C.S. Lewis’ The Lion, The Witch and the Wardrobe, the first
Rough justice ruled the American colonies and punishment was both brutal and public – from the pillory to branding, from branks, stocks and ducking stools to riding the wooden horse. Communities doled out these punishments in the heart of town, as a warning and as a strange form of public spectacle.
Erected in the public square this was an all-purpose punishment option, dealing with treason, arson, blasphemy, theft, witchcraft, perjury, wife-beating, cheating, forgery, gaming, libel, conjuring, fortune-telling, and even the bizarre crimes of ‘delivering false dinner invitations’ and selling quack medical cures.
In Maryland, branding with burning hot metal was common. The clear lettering system left onlookers in no doubt of the culprit’s crimes: SL – seditious libel, M – manslaughter, T -thief, R – rogue, F – forgery and B for burglary. Burglars had the letter B branded on their hand, but if the crime was committed on a Sunday it was branded onto their forehead.
Time in the stocks was earned by swearing, stealing, blasphemy, bigamy, brawling or trading with the natives. With head and hands fastened to a plank, convicts were pelted with rotten food by a baying crowd. Ironically, the first occupant of Boston’s stocks was the man who built them, carpenter Edward Palmer, convicted of overcharging for his services!
#4 Ducking Stool
This contraption offered spectators some variety by dunking convicts underwater. Occupants of the ducking stool ranged from: nagging women, bickering couples, brawlers, brewers of bad beer to bakers of bad bread. Simply being ‘poor’ or ‘unruly’ could also earn you an unwanted dip!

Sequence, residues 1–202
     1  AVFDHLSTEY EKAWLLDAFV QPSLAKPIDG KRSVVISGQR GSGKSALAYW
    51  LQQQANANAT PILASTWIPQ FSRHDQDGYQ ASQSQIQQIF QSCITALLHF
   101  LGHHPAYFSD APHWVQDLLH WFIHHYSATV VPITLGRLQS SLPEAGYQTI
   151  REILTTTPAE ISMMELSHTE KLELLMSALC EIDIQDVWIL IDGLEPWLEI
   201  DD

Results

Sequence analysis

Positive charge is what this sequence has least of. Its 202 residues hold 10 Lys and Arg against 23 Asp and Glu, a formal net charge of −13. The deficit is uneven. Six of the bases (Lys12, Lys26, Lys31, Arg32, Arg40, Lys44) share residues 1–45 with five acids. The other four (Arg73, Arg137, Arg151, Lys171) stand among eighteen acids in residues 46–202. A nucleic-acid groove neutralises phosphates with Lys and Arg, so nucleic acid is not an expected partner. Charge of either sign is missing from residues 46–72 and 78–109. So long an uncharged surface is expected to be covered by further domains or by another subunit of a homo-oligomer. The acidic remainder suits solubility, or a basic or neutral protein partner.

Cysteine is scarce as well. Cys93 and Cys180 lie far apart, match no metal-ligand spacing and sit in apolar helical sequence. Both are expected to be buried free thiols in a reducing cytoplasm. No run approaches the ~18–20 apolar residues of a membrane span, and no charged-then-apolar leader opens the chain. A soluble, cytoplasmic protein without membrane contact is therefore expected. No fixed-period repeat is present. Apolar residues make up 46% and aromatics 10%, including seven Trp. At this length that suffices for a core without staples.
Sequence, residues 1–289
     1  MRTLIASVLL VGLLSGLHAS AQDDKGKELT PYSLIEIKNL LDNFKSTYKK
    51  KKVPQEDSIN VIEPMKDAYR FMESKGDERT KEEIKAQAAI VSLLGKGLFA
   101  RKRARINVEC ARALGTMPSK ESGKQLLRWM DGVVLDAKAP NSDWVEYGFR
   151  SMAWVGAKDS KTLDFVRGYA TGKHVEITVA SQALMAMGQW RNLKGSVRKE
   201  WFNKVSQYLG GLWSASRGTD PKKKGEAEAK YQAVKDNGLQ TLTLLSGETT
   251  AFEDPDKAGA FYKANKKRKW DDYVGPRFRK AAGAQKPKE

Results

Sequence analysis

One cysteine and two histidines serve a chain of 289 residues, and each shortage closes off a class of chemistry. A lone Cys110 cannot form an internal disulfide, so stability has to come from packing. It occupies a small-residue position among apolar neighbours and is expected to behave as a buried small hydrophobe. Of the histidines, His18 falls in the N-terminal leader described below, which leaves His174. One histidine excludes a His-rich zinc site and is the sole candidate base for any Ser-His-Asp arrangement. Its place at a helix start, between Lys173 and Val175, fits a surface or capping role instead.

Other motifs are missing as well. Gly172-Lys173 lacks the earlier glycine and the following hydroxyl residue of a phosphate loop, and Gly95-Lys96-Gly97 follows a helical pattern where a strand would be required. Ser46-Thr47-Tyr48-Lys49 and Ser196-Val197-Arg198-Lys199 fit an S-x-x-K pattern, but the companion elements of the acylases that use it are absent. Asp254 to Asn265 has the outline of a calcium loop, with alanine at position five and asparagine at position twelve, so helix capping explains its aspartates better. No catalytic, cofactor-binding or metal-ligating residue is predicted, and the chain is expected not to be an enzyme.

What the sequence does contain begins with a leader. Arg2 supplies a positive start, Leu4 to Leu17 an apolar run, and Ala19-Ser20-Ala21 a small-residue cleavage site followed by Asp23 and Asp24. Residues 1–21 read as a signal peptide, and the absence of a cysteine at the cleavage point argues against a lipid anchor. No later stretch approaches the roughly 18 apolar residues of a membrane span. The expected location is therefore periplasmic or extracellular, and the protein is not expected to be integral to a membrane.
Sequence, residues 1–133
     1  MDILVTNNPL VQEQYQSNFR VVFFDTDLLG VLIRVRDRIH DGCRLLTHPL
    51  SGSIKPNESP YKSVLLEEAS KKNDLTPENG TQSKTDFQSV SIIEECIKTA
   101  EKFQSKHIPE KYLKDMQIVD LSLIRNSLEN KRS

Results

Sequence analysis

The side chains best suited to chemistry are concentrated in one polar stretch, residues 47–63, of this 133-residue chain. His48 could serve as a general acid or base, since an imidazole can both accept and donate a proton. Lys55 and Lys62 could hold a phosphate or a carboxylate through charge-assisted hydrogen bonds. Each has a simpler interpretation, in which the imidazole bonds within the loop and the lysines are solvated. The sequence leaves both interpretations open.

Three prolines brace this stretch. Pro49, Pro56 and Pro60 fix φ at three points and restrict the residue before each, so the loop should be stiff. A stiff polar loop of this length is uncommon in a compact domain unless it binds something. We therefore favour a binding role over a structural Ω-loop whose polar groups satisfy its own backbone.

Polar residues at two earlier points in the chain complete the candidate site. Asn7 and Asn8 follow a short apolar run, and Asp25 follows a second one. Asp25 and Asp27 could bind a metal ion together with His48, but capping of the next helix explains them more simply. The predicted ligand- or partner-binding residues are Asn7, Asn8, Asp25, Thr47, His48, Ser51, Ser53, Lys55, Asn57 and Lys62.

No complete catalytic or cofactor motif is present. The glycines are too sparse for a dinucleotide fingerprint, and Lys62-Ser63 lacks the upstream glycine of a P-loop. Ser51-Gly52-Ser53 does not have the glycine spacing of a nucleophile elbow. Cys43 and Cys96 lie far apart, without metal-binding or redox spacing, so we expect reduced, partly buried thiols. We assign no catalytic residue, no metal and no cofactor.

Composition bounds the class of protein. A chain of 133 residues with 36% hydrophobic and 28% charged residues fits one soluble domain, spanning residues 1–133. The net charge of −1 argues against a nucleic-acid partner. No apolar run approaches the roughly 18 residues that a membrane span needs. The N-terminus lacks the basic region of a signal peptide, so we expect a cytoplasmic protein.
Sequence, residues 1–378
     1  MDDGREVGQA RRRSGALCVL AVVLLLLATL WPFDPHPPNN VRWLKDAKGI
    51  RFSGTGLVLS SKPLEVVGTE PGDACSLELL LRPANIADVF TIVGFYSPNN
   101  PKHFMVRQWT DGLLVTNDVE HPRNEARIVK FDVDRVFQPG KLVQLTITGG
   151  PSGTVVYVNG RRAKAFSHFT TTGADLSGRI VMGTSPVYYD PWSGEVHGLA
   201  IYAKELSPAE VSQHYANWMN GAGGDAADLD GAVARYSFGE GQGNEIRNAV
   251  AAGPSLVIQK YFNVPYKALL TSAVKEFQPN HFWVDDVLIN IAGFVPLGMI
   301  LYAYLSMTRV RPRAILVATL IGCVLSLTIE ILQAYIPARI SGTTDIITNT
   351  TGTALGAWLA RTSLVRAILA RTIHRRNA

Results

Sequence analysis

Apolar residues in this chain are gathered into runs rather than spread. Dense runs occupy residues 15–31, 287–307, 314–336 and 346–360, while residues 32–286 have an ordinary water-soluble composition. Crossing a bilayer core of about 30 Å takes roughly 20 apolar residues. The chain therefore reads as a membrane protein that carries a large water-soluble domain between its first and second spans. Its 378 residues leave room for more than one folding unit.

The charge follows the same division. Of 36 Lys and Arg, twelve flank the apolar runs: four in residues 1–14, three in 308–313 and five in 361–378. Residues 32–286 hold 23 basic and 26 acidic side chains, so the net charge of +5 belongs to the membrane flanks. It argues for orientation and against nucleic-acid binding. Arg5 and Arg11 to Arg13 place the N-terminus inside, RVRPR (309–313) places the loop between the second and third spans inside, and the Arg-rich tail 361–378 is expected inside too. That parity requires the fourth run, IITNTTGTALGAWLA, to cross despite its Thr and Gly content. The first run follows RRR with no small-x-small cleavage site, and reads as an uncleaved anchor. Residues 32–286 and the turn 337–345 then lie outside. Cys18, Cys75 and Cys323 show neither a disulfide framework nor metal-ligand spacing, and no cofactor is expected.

This was a pretty shocking punishment for women who talked, nagged or gossiped – also called the “gossip’s bridle” this was an iron cage around the head which forced a piece of iron onto the tongue that would cut you if you spoke.
Cutting off the ears also smartly marked a wrong-doer to anyone who came into contact with them. In Virginia, a hog stealer was pilloried and also had his ears cropped.
#7 Riding The Wooden Horse
This punishment was reserved for soldiers for the crimes of rioting, drinking or even stealing chickens. A thin horizontal pole was erected some 12 feet high and the upper edge sharpened. Convicts were forced to ‘ride it’ for extremely painful hours or days at a time.
But sometimes just one punishment was not enough – in 1771 one poor soul convicted of counterfeiting received: an hour in the pillory, both ears cropped, was branded on both cheeks with an R and had to pay a $100 fine!
(From Curious Punishments of Bygone Days, by Alice Morse Earl (1896), now a free Public Domain Book.)